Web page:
This week we will all be put into teams to work on the simulation, MikesBikes. After a quick scan through the to-do list it dawned on me that we will not be having any more lectures, instead we will have “team-time.” I don’t know whether to be super pleased or super nervous. Not having lectures is foreign to me, as I’m sure it will be for many others.
I honestly enjoy lectures, as long as the topic interests me I am quite happy to sit there, listen and take notes. I think it works for me and I learn this way. So naturally I’m feeling nervous about the lack of lectures in this paper. I have no past experiences with this type of structure, since primary school I have been writing down what the teacher says. Now I am beginning to wonder if that was actually the best way to learn.
According to research, students who are taught in small groups rather than a traditional context achieve higher grades (Oakley, Felder, Brent & Elhaji, 2004). There are many benefits to small learning groups, one that appeals to me would be gaining teamwork skills which we can then apply in different environments after university. This will be an extremely helpful skill to have. Hopefully working in teams allows opportunities to gain insight on concepts in the readings that I would be unsure about. Teaching others is the best way to learn ourselves (Edwards, as cited in Oakley et al, 2004) so hopefully we can all explain certain aspects of the paper to each other to benefit from this idea.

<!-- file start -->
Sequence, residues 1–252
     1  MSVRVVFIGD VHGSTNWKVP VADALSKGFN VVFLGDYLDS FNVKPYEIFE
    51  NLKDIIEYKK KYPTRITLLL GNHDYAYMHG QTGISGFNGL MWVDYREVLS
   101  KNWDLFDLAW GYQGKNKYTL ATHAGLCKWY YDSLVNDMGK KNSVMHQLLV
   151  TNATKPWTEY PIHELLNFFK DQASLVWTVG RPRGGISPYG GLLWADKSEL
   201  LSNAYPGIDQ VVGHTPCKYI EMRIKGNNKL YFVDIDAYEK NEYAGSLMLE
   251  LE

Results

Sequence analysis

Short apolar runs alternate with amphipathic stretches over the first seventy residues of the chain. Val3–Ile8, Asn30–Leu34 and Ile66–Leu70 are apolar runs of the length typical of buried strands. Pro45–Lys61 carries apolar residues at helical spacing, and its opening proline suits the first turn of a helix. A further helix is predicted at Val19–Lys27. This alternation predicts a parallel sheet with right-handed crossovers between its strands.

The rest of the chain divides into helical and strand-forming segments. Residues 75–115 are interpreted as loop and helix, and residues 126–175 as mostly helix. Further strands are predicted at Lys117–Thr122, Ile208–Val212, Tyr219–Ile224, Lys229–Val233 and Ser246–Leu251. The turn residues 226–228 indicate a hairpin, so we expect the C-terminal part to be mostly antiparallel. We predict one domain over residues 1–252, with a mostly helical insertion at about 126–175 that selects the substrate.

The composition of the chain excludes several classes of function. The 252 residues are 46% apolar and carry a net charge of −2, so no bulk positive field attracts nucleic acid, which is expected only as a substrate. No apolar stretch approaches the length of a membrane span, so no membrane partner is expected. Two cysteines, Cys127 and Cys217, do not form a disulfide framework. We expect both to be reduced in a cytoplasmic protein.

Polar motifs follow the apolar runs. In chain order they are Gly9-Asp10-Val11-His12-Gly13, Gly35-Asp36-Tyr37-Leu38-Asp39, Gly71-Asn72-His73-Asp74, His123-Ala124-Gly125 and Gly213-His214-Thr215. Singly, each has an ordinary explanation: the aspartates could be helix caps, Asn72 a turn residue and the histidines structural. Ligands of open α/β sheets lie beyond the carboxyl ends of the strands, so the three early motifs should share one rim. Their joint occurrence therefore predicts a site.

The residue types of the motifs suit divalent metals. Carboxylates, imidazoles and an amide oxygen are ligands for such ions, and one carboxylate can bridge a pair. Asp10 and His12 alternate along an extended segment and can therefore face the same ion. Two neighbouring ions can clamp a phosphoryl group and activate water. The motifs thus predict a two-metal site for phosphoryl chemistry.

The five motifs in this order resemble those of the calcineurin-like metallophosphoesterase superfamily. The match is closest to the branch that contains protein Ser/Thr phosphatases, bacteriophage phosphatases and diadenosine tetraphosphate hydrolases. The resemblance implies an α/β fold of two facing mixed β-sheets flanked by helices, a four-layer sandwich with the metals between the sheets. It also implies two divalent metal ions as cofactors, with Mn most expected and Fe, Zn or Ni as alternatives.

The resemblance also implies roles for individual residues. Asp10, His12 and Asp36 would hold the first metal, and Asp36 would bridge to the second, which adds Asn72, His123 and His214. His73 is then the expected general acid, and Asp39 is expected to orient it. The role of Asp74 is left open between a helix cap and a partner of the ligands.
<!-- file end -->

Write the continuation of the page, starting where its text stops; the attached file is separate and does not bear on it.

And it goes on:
Keeping this research in mind, my original doubts have somewhat decreased. Having met my team today we seem like we are all keen for the semester ahead. Hopefully we are able to function well together so that this learning experience will be superior to individual learning (Oakley, 2004). We will all eventually have to work in teams so why not start learning this way now? One thing is for sure, this will be an interesting semester.
Oakley, B., Felder, R. M., Brent, R., & Elhajj, I. (2004). Turning student groups into effective teams. Journal of student centered learning, 2(1), 9--34.